Thermodynamic and Physical Controls on Methanogenesis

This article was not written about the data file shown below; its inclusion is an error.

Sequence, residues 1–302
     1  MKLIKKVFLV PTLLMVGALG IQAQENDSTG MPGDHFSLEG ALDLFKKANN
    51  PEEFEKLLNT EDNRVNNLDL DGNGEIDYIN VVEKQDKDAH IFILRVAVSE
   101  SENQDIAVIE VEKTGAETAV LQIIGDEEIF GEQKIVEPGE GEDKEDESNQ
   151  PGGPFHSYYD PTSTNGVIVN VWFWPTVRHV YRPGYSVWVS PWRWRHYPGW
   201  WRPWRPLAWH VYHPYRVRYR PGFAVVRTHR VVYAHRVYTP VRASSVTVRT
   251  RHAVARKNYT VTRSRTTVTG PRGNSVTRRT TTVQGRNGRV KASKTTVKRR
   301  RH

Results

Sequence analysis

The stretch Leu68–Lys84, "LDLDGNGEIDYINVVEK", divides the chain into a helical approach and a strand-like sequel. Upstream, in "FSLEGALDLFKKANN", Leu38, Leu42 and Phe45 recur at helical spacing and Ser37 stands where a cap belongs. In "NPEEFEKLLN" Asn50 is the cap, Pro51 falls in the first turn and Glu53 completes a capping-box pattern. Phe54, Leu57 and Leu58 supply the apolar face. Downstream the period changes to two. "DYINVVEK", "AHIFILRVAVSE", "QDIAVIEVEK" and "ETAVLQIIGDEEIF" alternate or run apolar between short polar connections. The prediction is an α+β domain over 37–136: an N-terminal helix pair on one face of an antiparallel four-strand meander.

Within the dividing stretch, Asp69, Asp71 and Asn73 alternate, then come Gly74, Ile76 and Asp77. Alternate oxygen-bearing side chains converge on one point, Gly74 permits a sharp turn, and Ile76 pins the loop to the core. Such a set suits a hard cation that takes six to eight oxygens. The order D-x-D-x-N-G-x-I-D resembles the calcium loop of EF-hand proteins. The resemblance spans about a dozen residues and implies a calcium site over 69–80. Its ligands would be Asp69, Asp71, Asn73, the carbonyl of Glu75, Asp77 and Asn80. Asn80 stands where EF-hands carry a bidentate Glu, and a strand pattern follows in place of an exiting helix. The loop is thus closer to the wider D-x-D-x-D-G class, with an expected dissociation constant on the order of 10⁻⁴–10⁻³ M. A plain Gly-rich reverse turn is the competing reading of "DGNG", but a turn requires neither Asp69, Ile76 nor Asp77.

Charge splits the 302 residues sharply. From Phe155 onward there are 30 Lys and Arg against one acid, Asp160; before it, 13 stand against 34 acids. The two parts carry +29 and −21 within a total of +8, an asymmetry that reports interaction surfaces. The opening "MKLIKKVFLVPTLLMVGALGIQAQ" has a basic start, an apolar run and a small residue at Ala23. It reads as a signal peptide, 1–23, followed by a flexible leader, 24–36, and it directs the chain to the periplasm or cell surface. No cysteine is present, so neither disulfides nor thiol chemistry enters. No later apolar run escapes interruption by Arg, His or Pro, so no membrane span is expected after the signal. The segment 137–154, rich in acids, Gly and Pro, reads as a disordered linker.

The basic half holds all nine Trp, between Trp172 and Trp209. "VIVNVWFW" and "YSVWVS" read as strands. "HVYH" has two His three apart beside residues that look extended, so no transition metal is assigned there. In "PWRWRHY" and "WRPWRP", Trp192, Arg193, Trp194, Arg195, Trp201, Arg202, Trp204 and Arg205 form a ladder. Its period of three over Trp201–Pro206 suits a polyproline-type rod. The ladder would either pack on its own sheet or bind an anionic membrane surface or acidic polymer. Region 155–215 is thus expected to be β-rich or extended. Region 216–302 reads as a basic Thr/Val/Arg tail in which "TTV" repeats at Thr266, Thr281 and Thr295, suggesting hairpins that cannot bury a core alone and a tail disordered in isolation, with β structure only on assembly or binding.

oils are structured media that have a multitude of pore domains, resulting in varying degrees of advective and diffusive solute and gas transport. A spectrum of biogeochemical processes may therefore function at the aggregate (micron to cm) scale, where the formation of steep chemical gradients is observed. Methane, a potent greenhouse gas, is produced when reducing conditions are prevalent; such conditions are observed within soil and sediment aggregates where microbial consumption of oxygen exceeds the rate of molecular diffusion. Methane may diffuse from the center of soil aggregates to soil macropores, which are conduits to the atmosphere, or be consumed by methanotrophs, which colonize anoxic-oxic boundaries. We are interested in understanding the effects of aggregate geometry on methanogensis and methanotrophy transpiring within soils and sediments, as well as quantifying the linked effects of physical variation and microbial activity responsible for net methane efflux from soils and wetland sediments.